2) Empathize. Being empathetic means that we try to put ourselves in someone else’s situation or circumstances. Make an effort to step into their life, to feel their pain or joy in your heart. If you want gain some insight and discernment into what they are experiencing, this is the way to do it.

3) Avoid making judgments. You can’t possibly understand all of the factors at work in someone else’s life. Like you and I, they are probably doing the best they can with what they have to work with. None of us has all the answers so do them the courtesy of not judging them.

4) Respect their feelings. We all have a right to our personal feelings. Often times, the worst thing we can do is to infer that someone’s feelings are invalid by saying, “you shouldn’t feel that way.” The most common response, internally at least, will be, “don’t tell me how to feel.” That’s a communication killer. Much better to legitimize their feelings by saying, “I can understand why you feel that way.” In case you are wondering, I learned this from 25 years of marriage.

5) Speak to their senses first. We are genetically hard-wired to pay attention to things we can experience through our senses. Talk to them in a way that allows them to picture and experience your expressions. Strive to help them experience the reality of your words in their imagination. Use your words to paint a picture that they can easily visualize.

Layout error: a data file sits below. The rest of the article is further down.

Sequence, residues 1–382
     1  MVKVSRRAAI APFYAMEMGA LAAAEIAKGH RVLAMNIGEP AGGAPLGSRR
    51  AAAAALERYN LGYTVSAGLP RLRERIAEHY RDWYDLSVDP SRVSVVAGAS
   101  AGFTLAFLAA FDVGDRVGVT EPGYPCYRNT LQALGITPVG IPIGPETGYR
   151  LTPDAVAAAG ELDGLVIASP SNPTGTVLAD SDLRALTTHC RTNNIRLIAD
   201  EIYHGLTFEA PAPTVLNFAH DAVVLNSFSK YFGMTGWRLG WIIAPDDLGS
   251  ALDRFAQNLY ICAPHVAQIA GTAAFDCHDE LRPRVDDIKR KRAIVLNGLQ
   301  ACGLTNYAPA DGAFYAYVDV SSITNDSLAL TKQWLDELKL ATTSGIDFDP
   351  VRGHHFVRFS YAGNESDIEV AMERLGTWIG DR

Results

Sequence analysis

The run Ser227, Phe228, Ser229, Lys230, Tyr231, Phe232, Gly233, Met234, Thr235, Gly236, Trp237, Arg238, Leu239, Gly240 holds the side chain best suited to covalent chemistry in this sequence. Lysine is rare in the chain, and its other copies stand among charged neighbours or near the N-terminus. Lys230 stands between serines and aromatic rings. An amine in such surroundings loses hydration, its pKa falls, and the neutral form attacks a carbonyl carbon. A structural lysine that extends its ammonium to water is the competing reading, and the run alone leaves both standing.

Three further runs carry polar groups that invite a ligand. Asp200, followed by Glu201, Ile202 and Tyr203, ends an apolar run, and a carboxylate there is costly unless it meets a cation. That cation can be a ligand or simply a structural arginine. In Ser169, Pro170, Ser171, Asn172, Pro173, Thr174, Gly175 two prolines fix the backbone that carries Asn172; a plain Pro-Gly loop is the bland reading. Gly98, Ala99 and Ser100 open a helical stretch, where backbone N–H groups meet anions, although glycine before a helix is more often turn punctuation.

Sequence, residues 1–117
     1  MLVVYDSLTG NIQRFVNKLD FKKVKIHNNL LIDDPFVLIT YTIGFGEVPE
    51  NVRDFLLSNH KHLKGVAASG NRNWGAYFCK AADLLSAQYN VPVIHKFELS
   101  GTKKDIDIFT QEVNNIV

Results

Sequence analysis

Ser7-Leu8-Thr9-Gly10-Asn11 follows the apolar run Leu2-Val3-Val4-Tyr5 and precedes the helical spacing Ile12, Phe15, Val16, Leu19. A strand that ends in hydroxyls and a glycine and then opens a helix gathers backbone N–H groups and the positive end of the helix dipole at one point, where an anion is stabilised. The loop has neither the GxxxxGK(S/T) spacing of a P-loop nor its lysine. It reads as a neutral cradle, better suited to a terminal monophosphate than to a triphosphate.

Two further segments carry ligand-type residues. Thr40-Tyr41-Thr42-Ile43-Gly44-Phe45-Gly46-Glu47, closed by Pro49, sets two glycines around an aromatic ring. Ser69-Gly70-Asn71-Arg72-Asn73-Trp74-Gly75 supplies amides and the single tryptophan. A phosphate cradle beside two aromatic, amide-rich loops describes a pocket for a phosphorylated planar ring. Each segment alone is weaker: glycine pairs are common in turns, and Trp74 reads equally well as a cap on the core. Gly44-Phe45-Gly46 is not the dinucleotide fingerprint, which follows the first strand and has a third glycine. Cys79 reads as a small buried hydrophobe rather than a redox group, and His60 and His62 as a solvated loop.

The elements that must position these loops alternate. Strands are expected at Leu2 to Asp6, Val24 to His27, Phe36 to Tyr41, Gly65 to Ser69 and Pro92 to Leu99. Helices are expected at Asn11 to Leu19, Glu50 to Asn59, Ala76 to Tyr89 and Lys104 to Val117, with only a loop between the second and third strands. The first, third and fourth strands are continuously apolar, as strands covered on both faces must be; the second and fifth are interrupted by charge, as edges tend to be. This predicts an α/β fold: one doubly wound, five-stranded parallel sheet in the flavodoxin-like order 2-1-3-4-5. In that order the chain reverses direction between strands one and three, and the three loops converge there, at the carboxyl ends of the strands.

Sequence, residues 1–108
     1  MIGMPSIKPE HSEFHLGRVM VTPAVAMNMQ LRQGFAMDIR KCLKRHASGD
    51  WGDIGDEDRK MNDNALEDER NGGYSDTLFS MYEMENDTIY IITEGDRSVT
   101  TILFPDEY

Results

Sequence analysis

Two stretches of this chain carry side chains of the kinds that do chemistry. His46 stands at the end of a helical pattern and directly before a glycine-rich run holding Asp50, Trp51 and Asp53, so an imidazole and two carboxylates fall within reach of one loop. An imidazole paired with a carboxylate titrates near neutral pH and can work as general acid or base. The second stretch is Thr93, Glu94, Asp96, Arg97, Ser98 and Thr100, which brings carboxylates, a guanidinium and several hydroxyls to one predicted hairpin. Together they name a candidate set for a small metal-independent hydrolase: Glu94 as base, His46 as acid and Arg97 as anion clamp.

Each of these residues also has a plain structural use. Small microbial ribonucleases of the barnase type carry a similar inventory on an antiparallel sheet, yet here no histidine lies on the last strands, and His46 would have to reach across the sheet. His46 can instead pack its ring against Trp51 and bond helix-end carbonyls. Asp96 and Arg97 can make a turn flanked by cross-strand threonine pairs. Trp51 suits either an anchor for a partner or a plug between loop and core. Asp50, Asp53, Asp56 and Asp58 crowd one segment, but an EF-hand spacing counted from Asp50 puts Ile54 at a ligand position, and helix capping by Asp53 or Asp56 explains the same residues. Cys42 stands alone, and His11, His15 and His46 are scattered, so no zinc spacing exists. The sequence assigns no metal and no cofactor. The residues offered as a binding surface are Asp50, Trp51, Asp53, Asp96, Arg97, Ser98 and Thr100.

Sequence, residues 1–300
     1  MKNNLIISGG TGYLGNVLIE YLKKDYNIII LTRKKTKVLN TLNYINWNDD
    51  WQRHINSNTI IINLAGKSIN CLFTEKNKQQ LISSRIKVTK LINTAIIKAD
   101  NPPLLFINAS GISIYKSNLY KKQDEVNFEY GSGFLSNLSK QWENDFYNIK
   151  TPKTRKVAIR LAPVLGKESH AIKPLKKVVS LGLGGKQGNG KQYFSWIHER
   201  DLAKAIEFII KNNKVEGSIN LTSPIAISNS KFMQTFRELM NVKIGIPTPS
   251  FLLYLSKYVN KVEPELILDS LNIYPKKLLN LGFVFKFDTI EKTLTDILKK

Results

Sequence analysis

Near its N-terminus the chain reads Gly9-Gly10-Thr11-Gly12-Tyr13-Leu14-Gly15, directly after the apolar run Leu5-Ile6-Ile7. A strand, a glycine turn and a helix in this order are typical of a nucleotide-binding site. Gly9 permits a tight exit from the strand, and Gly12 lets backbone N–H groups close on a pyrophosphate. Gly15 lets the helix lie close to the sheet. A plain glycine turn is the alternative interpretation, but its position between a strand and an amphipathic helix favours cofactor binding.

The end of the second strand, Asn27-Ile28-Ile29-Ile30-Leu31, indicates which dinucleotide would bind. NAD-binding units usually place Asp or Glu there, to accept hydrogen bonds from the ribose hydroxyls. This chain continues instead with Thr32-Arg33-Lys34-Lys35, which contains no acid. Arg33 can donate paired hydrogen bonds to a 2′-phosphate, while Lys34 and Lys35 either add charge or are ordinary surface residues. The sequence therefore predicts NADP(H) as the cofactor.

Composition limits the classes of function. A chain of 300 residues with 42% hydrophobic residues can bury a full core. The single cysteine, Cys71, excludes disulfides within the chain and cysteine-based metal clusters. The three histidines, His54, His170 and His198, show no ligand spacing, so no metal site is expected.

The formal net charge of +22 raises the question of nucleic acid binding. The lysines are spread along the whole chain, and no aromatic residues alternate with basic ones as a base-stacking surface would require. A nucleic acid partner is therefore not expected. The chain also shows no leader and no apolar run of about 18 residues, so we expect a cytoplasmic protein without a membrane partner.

6) Add an emotional component. Make sure that the mental picture you are communicating has feelings attached. We remember things that we attach emotional significance to. When the picture begins to fade, the feelings will bring it back to life. When you use your words to paint emotional word pictures in the mind of your listener, you will have touched them where they live.

7) Do it because you care. Sincerity cannot be faked. On a gut level, others know whether or not you actually care about their welfare. If you don’t care then just leave them alone, and go develop some compassion. Creating value needs to be rooted in genuine concern for others. The hard sell mentality and pushy domineering ways of the past are dead, and good riddance. Open your heart before you open your mouth, and everyone around you will feel it.